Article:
WILL YOU BE ABLE TO HELP YOUR 18+ YEAR OLD CHILD IN A MEDICAL EMERGENCY?

At the suggestion of my partner, I recently read an article in Consumer Reports prompting this blog. Ironically, I had taken these very steps with my son, but never gave it a second thought that most people wouldn’t think of these issues. Once your child turns 18, even though you may still be financially and medically responsible for your young adult, s/he is an adult and you have lost many of the rights that were automatic the day before when s/he was 17. Therefore, your child, if they wish for you to still be of assistance to them in a medical emergency, needs to execute an “Appointment of Healthcare Representative” (HCR) under Connecticut law or, at least, a HIPPA (Health Insurance Portability and Accountability Act) release form which will allow you to receive medical information, but not make any decision for him or her. If they are going out of state (i.e. college), then they should probably execute that state’s equivalent to the HCR to avoid any complications of interpreting another state’s form if that emergency does occur. Colleges may have their state’s form readily available for the asking. I would further recommend a Living Will (Advance Directive), Power of Attorney and a Last Will and Testament (in your child’s home state only).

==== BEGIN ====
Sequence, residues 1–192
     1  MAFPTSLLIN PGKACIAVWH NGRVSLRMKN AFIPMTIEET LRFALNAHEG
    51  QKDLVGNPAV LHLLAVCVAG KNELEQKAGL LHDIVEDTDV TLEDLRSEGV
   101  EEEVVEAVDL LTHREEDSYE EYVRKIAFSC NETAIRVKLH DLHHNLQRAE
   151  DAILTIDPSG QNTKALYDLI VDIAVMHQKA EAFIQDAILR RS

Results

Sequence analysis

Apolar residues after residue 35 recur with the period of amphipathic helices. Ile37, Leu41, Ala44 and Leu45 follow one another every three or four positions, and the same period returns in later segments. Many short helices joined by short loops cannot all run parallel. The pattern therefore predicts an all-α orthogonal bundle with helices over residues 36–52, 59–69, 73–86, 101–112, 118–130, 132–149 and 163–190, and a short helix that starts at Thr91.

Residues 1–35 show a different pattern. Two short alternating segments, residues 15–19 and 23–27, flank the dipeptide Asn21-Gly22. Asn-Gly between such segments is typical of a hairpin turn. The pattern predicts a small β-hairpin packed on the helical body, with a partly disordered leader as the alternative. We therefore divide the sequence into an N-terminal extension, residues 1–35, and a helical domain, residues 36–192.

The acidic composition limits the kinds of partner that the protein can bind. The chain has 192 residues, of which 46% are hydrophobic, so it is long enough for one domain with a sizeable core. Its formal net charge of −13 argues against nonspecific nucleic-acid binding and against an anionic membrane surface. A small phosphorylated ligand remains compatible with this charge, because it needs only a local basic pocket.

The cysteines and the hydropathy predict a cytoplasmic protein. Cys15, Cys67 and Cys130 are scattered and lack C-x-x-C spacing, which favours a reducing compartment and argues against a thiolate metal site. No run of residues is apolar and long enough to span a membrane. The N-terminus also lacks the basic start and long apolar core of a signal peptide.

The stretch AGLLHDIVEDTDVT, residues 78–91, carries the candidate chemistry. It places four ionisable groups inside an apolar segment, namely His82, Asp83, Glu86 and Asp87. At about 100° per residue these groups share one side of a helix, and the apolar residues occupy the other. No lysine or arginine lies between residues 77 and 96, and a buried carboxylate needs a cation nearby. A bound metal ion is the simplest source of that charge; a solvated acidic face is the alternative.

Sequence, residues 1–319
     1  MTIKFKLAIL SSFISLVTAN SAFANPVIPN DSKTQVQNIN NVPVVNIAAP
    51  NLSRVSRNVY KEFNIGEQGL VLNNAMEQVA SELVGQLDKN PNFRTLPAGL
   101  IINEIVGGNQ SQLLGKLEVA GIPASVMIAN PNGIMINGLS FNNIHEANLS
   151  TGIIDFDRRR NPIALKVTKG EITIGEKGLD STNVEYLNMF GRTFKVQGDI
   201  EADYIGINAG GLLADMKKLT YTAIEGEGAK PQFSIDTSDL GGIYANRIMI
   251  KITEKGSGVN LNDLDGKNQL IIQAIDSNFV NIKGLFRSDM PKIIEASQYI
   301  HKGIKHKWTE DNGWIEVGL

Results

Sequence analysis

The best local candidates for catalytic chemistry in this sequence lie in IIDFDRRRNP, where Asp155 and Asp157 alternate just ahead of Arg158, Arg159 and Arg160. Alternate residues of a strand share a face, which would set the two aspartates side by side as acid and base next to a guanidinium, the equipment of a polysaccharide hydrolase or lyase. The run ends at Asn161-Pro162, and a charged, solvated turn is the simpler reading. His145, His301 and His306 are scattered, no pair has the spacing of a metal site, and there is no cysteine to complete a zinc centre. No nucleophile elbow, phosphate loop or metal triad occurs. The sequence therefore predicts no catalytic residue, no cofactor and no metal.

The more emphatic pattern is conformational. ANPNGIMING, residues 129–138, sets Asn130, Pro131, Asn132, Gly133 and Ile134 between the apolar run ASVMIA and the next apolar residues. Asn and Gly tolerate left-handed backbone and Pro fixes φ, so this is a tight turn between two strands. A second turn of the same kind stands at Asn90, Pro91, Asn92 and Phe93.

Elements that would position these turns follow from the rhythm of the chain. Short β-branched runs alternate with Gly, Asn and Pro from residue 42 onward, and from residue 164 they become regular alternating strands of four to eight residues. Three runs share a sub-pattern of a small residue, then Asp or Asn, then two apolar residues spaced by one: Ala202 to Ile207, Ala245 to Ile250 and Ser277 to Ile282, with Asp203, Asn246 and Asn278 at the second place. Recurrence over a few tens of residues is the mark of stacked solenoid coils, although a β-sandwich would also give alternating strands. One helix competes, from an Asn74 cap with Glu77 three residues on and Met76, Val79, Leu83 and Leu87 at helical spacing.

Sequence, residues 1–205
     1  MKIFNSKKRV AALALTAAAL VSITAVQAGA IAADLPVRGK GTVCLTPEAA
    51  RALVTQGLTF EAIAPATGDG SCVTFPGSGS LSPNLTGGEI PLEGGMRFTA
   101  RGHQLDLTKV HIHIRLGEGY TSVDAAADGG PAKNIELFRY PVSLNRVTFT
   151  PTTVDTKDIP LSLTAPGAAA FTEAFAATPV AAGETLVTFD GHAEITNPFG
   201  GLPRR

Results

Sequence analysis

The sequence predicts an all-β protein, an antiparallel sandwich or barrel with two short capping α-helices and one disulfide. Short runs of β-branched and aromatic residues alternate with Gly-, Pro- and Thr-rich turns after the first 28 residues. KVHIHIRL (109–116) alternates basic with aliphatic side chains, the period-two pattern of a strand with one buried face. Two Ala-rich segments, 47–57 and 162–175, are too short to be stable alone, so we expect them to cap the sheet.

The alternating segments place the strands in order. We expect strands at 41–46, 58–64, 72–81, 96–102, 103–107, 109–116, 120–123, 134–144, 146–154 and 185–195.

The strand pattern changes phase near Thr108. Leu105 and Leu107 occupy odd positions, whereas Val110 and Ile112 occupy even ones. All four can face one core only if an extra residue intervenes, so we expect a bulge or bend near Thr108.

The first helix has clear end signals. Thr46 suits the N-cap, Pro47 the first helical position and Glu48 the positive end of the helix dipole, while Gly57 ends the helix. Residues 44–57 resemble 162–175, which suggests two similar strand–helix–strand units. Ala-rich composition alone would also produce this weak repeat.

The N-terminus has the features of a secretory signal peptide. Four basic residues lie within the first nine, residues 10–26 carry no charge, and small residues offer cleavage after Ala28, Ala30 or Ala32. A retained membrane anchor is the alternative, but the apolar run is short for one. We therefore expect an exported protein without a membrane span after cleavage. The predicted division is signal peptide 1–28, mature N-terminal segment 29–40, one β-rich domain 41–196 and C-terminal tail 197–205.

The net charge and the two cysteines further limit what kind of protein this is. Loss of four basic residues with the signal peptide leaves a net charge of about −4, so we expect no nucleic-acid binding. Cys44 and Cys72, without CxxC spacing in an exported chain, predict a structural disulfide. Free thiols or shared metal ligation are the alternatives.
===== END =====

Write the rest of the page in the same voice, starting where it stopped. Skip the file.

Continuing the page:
The knee jerk reaction to an eighteen year old creating a Last Will and Testament is they are young, so they don’t have any assets to protect. What if that medical emergency we are talking about was the result of a car accident that was someone else’s fault which caused your child to become a paraplegic? Having these documents in place will make yours and your child’s life a whole lot easier than the alternative of having to apply to the Probate Court to be appointed his or her conservator to make decisions (assuming the injury caused mental incapacity). Each of these documents has been discussed in detail in other blogs here on our website which I invite you to review and share with your young adults.

WHY YOU NEED A WILL

ESTATE PLANNING, JUST THE BEGINNING

HEALTHCARE REPRESENTATIVE v. HEALTHCARE AGENT

Blog Archive: Wills

Blog Archive: Estate Planning

One Comment

  1. avatar paul beisler
    Posted October 12, 2018 at 5:50 pm | Permalink

    thanks lou can we charge them rent ?

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